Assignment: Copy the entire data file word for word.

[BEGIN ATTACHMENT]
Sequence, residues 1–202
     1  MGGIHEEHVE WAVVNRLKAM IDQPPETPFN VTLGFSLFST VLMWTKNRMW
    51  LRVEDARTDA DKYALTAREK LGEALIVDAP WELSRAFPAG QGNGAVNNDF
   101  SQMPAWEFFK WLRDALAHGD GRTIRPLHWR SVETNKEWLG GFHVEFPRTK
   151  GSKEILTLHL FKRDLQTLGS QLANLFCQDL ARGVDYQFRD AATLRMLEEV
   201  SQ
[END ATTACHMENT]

Sequence, residues 1–202
     1  MGGIHEEHVE WAVVNRLKAM IDQPPETPFN VTLGFSLFST VLMWTKNRMW
    51  LRVEDARTDA DKYALTAREK LGEALIVDAP WELSRAFPAG QGNGAVNNDF
   101  SQMPAWEFFK WLRDALAHGD GRTIRPLHWR SVETNKEWLG GFHVEFPRTK
   151  GSKEILTLHL FKRDLQTLGS QLANLFCQDL ARGVDYQFRD AATLRMLEEV
   201  SQ